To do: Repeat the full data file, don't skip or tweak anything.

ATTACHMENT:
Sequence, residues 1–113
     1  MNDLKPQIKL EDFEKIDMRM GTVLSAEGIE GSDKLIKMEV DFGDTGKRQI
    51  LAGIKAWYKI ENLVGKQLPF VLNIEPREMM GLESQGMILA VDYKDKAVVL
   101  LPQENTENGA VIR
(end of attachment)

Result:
Sequence, residues 1–113
     1  MNDLKPQIKL EDFEKIDMRM GTVLSAEGIE GSDKLIKMEV DFGDTGKRQI
    51  LAGIKAWYKI ENLVGKQLPF VLNIEPREMM GLESQGMILA VDYKDKAVVL
   101  LPQENTENGA VIR